CHICAGO — TransUnion’s annual auto loan forecast calls for auto loan debt to rise to $18,244 at the end of 2015. This would mark 19 consecutive quarters of increases since the first quarter of 2011, when auto loan debt per borrower stood at $14,954.
The TransUnion forecast calls for the national auto loan delinquency rate (the ratio of borrowers 60 or more days past due) to account for 1.20% of open auto loans by the end of this year, and increase slightly to 1.27% at the end of 2015.
“We expect the auto loan market to continue to perform exceptionally well in 2015, with more sales leading to continued increases in auto loan debt per borrower as the national portfolio gets younger on average,” said Peter Turek, automotive vice president in TransUnion’s financial services business unit. “We anticipate the economy to continue to improve next year, with a better employment picture helping the auto industry. While the auto loan delinquency rate has slowly risen to a point where it will be above 2010 levels, we are still far off the peaks observed in 2008 and 2009 when delinquencies were more than 30 basis points higher.”
Since 2007, the auto loan delinquency rate has been as low as 0.86% in second quarter 2012 and as high as 1.59% in fourth quarter 2008. On average, the delinquency rate during the fourth quarter between 2007 and 2013 was 1.29%.
While delinquency levels for subprime borrowers have grown from 4.2% in third quarter 2012 to 4.5% in third quarter 2013 to 5.3% in third quarter 2014, the contribution of this segment to the overall delinquency rate has been muted because their share has remained between 14% and 15% during this timeframe. Subprime share of balances had peaked in 2009 at just over 22%.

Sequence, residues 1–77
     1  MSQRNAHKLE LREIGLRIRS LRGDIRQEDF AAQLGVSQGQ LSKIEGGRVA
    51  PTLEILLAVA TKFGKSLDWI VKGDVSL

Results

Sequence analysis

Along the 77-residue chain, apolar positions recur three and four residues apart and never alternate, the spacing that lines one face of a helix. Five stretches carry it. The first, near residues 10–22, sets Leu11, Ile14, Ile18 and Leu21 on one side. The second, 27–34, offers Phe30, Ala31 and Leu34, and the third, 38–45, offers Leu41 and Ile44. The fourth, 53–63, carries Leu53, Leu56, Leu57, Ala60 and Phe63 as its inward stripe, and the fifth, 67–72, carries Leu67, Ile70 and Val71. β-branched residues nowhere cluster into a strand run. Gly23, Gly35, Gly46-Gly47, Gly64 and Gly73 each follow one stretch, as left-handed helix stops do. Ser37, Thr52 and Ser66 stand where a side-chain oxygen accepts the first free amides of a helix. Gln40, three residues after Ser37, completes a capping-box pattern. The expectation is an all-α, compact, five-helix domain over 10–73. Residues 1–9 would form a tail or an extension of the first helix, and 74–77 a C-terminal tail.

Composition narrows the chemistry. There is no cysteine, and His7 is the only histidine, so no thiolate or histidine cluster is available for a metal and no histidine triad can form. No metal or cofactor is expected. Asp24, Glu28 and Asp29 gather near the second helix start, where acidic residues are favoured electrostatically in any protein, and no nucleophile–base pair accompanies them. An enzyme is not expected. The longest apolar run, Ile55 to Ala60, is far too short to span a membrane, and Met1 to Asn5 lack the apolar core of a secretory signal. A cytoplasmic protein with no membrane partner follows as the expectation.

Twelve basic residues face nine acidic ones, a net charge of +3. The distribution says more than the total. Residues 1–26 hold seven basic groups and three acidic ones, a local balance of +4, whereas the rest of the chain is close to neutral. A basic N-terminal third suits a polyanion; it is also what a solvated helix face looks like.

Looking further back, TransUnion data show the number of subprime borrower accounts are 1.6 million fewer in third quarter 2014 versus third quarter 2007 (pre-recession). Meanwhile the number of auto loan accounts rose approximately 4 million in that same timeframe.
“The auto loan market has been especially strong for lenders, as much of the growth observed in the last few years has come from prime or better risk tiers,” said Turek. “There is room for growth in the subprime sector as evidenced by more competition. Prior to the recession the percent of subprime auto balances were nearly 5% higher than they are now.”
On a state level, auto loan delinquency rates are expected to rise in 38 states with the largest increases occurring in Rhode Island (+11%), Colorado (+11%), Utah (+9%) and Florida (+7%). The biggest percentage declines are expected in Alaska (-5%), Wyoming (-3%) and Maryland (-2%). Auto loan debt is expected to rise in every state and the District of Columbia, with largest increases occurring in Michigan (+8%), Missouri (+7%), Georgia (+6%) and Arizona (+6%).
TransUnion’s forecasts are based on various economic assumptions, such as gross state product, consumer sentiment, unemployment rates and real estate values. The forecasts would change if there were unanticipated shocks to the economy, such as if home prices unexpectedly fall. Better-than-expected improvements in the economy, such as precipitous drops in unemployment, could also impact these forecasts.